Vote for me and I will Advocate for:

  • Sustainable long-term planning in light of climate change
  • The establishment a regional Unitary Transport Authority; with-
    • the Creation of an integrated ticketing scheme.
    • Improvement in real-time information for the buses
    • Introduction of a new airport flyer and efficient electric buses
  • A new regional park in the south-west, Cape Terawhiti with major growth in leisure amenities
  • Continue the Wellington Water model for fresher water, cleaner streams, and better waste and stormwater networks including upgrading aging infrastructure.

Consultation, accountability and action are crucial if the greater Wellington region is to thrive environmentally, economically and socially. I have the skills to make it happen.

Want things done? Vote for me with a 1.

Thank you.


Changes to medical alarm costs and suppliers

From the Ministry of Social Development

We’re committed to making sure our clients are supported to stay safe and independent in their own homes. As part of this, the Ministry of Social Development (MSD) funds the costs of medical alarm services to its eligible clients through their Disability Allowance.  We’ve once again negotiated with medical alarm suppliers to make sure our clients continue getting a quality service at a competitive price.

There has been a small movement in costs for the existing suppliers, with the cost increasing for three of them, staying the same for one and decreasing for another. We’ve also added a new MSD-accredited supplier, Electra ltd (trading as Securely).

The changes to costs start from 19 August 2019. To make sure clients stay safe as these changes take place, there’ll be no interruption to the client’s medical alarm service.

Changes to people’s payments

We’ll automatically adjust people’s payments for anyone with a change in cost. We’re also writing to them about the change and what it means for them. The changes will be small.

The medical alarm suppliers are also writing to their clients to adjust how much they pay for the alarm service. Where MSD pays the supplier directly, we’ll adjust the amount for them.

The MSD-accredited suppliers of medical alarm services are:

ADT Security                                                    0800 111 238

Chubb New Zealand                                      0800 203 040

Securely                                                            0800 865 865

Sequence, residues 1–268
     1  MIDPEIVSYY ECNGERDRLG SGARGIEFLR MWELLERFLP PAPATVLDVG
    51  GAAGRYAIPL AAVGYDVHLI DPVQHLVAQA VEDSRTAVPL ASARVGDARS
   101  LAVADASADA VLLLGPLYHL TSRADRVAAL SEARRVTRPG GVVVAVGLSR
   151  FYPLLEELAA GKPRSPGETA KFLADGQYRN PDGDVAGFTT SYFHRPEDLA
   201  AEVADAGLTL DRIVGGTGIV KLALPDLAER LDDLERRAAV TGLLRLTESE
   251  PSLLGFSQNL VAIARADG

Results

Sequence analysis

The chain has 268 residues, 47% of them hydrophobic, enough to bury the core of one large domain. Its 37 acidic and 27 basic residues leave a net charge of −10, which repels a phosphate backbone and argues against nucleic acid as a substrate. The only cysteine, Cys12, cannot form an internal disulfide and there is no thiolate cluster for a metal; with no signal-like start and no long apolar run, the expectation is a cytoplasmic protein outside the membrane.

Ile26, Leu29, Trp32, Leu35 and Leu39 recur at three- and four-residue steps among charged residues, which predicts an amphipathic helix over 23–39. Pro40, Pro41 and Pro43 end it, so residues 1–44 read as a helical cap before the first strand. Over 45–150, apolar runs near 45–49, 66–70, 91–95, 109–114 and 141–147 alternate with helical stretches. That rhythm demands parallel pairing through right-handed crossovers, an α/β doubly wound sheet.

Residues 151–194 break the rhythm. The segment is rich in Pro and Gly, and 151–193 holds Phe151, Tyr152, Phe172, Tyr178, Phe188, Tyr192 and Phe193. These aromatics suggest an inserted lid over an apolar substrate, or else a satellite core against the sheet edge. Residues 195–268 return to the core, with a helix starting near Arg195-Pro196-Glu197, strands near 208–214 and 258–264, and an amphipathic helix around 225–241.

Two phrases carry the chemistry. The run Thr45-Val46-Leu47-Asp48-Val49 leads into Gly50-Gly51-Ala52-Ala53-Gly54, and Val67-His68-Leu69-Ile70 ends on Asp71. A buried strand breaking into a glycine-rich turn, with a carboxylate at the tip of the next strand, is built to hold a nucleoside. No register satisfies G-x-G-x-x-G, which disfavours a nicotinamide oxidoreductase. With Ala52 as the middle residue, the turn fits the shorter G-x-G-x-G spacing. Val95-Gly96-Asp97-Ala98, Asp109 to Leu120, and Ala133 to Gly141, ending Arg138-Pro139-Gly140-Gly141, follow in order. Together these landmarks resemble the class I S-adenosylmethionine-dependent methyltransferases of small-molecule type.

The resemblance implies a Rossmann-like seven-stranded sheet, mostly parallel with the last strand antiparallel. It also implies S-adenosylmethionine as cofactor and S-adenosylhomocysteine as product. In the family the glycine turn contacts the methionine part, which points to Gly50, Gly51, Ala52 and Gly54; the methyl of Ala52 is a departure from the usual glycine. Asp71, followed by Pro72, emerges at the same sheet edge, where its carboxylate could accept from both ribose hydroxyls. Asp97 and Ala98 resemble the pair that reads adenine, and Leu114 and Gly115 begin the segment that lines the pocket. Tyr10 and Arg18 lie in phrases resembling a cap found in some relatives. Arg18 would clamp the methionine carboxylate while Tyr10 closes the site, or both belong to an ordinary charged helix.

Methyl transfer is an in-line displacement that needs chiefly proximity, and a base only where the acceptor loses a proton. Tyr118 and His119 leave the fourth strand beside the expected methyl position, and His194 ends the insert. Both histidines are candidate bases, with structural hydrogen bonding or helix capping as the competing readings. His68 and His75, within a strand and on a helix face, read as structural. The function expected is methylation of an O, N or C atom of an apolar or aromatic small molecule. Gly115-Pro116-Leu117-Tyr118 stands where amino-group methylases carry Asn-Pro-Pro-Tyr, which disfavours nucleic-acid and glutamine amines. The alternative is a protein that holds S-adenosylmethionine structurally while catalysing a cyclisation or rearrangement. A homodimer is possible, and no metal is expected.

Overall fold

Freedom Medical Alarms                            0800 380 280

Red Wolf High Level Monitoring                0800 673 252

St John Medical Alarms                                0800 502 323


There’s more information about medical alarms on the Work and Income website.


Non-accredited suppliers

People who have their medical alarm provided by a non-MSD accredited supplier can still get the cost of the alarm covered by their Disability Allowance. If they choose to change to a different supplier, they’ll need to choose an MSD-accredited supplier.


If you have any questions, please email us at

Free to members: $2000 Accidental Death & Dismemberment Benefit

All members of GREY POWER NZ are covered by a $2000 Accidental Death & Dismemberment Benefit. This is provided at NO COST by AIL of New Zealand.

Since this benefit was established in 2010, AIL has (to date) paid out on 45 Grey Power members who have passed away in accidents.

This benefit covers all financial members of the association automatically, as soon as they join. 

AIL provides yellow postage paid reply cards for members who wish to receive their Certificate of Coverage and nominate a next of kin. If members don’t complete and return one of the yellow cards, they are still covered by the benefit. If a beneficiary has not been nominated, a claim would still be paid out, but may have to be paid to the estate rather than directly to a spouse.

Any claims or general queries can be directed to Mario Soljan on email , direct dial number (09) 973 5254 or mobile 027 265 2502. The claims process is relatively simple – usually only a photocopy of the NZ Death Certificate is required to process a claim. The claim cheque can then be forwarded to the branch to deliver to the bereaved family or can be mailed direct to the beneficiary – whichever the branch prefers.